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I have a passing knowledge of other Lisps (particularly Scheme) from way back. Recently I've been reading about Clojure. I see that it has both "symbols" and "keywords". Symbols I'm familiar with, but not with keywords.

Do other Lisps have keywords? How are keywords different from symbols other than having different notation (ie: colons)?

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up vote 100 down vote accepted

Here's the Clojure documentation for Keywords and Symbols.

Keywords are symbolic identifiers that evaluate to themselves. They provide very fast equality tests...

Symbols are identifiers that are normally used to refer to something else. They can be used in program forms to refer to function parameters, let bindings, class names and global vars...

Keywords are generally used as lightweight "constant strings", e.g. for the keys of a hash-map or the dispatch values of a multimethod. Symbols are generally used to name variable and functions and it's less common to manipulate them as objects directly except in macros and such. But there's nothing stopping you from using a symbol everywhere you use a keyword (if you don't mind quoting them all the time).

The easiest way to see the difference is to read Keyword.java and Symbol.java in the Clojure source. There are a few obvious implementation differences. For example a Symbol in Clojure can have metadata and a Keyword can't.

In addition to single-colon syntax, you can use a double-colon to make a namespace-qualified keyword.

user> :foo
user> ::foo

Common Lisp has keywords, as do Ruby and other languages. They are slightly different in those languages of course. Some differences between Common Lisp keywords and Clojure keywords:

  1. Keywords in Clojure are not Symbols.

    user> (symbol? :foo)  
  2. Keywords don't belong to any namespace unless you specifically qualify them:

    user> (namespace :foo)
    user> (namespace ::foo)

(Thanks Rainer Joswig for giving me ideas of things to look at.)

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This explains what the differences are, but not why two different constructs are needed. Couldn't Clojure have created something with the union of the capabilities of both Keyword and Symbol? – mtnygard Oct 16 '09 at 19:57
Keywords are lightweight and have a convenient syntax, I think that's about all there is to it. The language would work fine without them but they're nice to have and they are very widely used. You can't have a union of their abilities because Keywords are always self-evaluating (i.e. you can't use them as variable or function names) and Symbols in general can't be always self-evaluating. – Brian Carper Oct 16 '09 at 20:44
It seems keywords are more useful as keys in hashmaps etc as they don't change once evaluated: (eval (eval ':a)) vs (eval (eval ''a)). Are there other advantages? Performance wise, they are identical? – kristianlm Aug 3 '12 at 19:56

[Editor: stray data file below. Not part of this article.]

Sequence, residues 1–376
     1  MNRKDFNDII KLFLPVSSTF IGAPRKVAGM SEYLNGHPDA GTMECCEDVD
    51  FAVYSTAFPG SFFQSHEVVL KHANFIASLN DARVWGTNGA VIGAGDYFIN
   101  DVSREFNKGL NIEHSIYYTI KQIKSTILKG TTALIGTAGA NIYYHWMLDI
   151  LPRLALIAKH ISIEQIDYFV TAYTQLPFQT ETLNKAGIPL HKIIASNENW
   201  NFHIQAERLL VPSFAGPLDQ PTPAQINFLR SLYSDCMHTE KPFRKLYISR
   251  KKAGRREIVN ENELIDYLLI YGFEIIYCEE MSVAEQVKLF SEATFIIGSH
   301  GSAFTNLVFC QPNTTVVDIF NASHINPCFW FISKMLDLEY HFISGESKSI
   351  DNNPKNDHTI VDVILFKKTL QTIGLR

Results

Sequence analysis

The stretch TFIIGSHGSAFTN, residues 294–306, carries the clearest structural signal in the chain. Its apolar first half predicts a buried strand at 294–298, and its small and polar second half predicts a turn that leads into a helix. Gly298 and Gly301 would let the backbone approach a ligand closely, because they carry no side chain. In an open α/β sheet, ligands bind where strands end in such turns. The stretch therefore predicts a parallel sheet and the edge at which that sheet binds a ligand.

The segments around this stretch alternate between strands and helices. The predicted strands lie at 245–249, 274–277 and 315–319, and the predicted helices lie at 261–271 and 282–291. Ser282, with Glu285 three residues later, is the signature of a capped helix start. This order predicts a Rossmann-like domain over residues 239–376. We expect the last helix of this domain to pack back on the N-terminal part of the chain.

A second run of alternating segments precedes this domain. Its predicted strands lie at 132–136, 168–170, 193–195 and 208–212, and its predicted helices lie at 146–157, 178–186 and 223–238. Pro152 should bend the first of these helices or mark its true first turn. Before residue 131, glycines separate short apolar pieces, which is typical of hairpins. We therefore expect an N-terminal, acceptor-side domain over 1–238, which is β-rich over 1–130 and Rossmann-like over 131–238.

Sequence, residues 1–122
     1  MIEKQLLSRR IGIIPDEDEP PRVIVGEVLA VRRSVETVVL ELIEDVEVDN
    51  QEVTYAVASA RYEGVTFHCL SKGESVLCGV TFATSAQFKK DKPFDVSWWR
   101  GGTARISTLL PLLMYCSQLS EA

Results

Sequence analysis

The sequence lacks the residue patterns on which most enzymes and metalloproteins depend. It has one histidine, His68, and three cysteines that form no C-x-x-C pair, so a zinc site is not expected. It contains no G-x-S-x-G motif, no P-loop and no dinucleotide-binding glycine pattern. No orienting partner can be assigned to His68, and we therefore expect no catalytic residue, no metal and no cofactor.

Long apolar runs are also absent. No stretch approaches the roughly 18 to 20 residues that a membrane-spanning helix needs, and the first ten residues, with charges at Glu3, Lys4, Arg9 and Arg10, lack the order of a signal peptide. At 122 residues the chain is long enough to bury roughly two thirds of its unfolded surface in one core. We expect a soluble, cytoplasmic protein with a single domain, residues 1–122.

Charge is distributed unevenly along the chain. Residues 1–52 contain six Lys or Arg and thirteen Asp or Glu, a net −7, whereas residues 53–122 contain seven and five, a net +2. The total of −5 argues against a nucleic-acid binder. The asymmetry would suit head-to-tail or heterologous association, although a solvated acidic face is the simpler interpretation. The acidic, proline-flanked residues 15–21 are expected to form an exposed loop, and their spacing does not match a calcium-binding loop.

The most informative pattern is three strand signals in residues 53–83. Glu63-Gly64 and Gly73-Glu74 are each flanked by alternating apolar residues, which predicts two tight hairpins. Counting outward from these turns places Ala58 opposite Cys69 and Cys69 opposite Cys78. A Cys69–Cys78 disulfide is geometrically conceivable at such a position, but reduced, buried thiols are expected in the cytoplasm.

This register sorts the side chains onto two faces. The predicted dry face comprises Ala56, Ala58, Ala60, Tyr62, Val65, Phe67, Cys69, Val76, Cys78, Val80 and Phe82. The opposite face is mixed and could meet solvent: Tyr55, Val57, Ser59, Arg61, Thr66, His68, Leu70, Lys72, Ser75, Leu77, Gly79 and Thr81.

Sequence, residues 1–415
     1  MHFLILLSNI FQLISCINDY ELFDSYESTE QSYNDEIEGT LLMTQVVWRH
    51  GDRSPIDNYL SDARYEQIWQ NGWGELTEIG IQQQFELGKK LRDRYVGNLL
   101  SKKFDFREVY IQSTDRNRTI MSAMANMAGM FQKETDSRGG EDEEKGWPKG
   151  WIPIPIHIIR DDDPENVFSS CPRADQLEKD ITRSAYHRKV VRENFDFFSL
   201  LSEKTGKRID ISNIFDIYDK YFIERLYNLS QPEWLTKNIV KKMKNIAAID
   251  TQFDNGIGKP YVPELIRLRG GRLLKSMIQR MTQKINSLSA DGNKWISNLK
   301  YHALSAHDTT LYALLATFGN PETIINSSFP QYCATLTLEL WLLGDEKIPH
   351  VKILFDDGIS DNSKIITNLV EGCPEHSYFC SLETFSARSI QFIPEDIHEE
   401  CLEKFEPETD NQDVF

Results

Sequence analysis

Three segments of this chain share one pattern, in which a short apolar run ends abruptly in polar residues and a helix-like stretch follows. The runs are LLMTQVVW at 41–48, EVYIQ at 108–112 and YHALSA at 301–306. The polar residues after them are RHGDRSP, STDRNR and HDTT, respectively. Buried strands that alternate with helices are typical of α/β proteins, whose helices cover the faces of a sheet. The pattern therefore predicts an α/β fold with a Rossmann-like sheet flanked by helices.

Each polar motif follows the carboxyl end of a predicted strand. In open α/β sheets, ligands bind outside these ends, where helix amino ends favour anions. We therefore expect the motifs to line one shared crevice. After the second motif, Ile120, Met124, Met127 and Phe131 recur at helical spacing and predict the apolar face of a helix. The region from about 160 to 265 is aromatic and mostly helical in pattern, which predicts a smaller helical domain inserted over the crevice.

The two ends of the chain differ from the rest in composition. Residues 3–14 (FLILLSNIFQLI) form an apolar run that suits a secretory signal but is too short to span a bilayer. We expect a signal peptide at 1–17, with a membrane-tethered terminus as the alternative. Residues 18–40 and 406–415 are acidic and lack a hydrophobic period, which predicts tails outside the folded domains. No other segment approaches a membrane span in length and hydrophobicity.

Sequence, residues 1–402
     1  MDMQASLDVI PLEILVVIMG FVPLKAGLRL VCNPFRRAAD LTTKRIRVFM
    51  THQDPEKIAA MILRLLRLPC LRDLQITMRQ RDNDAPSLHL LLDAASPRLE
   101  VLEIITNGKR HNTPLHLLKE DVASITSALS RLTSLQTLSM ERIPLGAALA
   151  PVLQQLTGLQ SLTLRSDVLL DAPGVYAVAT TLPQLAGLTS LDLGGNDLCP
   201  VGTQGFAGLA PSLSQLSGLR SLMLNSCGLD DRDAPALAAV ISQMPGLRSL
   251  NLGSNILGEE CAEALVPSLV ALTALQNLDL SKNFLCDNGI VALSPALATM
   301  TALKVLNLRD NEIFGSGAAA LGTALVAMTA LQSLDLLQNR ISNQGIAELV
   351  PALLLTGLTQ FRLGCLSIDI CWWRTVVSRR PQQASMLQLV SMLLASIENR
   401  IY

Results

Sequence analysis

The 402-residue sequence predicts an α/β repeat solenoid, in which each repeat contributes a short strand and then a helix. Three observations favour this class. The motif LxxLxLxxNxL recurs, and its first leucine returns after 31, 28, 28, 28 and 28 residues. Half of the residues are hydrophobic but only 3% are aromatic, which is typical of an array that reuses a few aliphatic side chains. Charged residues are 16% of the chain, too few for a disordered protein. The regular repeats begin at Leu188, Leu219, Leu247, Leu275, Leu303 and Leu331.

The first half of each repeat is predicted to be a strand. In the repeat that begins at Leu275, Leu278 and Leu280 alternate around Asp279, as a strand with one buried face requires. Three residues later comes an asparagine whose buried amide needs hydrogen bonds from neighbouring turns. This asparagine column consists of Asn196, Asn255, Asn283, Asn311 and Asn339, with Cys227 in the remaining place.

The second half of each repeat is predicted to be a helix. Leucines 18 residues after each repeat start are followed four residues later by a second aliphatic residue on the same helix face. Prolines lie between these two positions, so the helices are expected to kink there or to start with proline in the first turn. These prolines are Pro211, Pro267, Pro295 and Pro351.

(identical? :qwe :qwe) -> true. (identical? 'qwe 'qwe) -> false. Symbols use interned string inside, so comparison is fast too. – desudesudesu Jan 5 '14 at 0:13

Common Lisp has keyword symbols.

Keywords are symbols, too.

(symbolp ':foo) -> T

What makes keywords special:

  • :foo is parsed by the Common Lisp reader as the symbol keyword::foo
  • keywords evaluate to themselves: :foo -> :foo
  • the home package of keyword symbols is the KEYWORD package: keyword:foo -> :foo
  • keywords are exported from the package KEYWORD
  • keywords are constants, it is not allowed to assign a different value

Otherwise keywords are ordinary symbols. So keywords can name functions or have property lists.

Remember: in Common Lisp symbols belong to a package. This can be written as:

  • foo, when the symbol is accessible in the current package
  • foo:bar, when the symbol FOO is exported from the package BAR
  • foo::bar, when the symbol FOO is in the package BAR

For keyword symbols that means that :foo, keyword:foo and keyword::foo are all the same symbol. Thus the latter two notations are usually not used.

So :foo is just parsed to be in the package KEYWORD, assuming that giving no package name before the symbol name means by default the KEYWORD package.

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Keywords are symbols that evaluate to themselves, so you don't have to remember to quote them.

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Is that it? Typing : rather than ' doesn't seem like a big win, especially since : is an extra keypress on most keyboards. – Laurence Gonsalves Oct 6 '09 at 19:29
Well, it's more than just the character, really. Keywords stay keywords after evaluation, while symbols are evaluated to whatever they bind to. It's more like a semantic difference, because they're typically used for different purposes. – Greg Hewgill Oct 6 '09 at 19:41
Keywords are not symbols in Clojure – David Plumpton Nov 17 '10 at 2:34

:keywords are also treated specially by many of the collections, allowing for some really convenient syntax.

(:user-id (get-users-map))

is the same as

((get-users-map) :user-id)

this makes things just a little more flexable

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This is also true for symbols, ('a {'a 1 'b 2}) => 1 and ({'a 1 'b 2} 'b) => 2. – Jonas Oct 7 '09 at 2:28

For keywords, hash values are calculated and cached when the keyword is first constructed. When looking up a keyword as a hash key, it simply returns the precomputed hashed value. For strings and symbols, the hash is recalculated on every lookup.

The why same named keywords are always identical, they contains their own hash values. As search in maps and sets are made from hash keys this envolves better search efficiency in case of numerous searches, not in the search itself.

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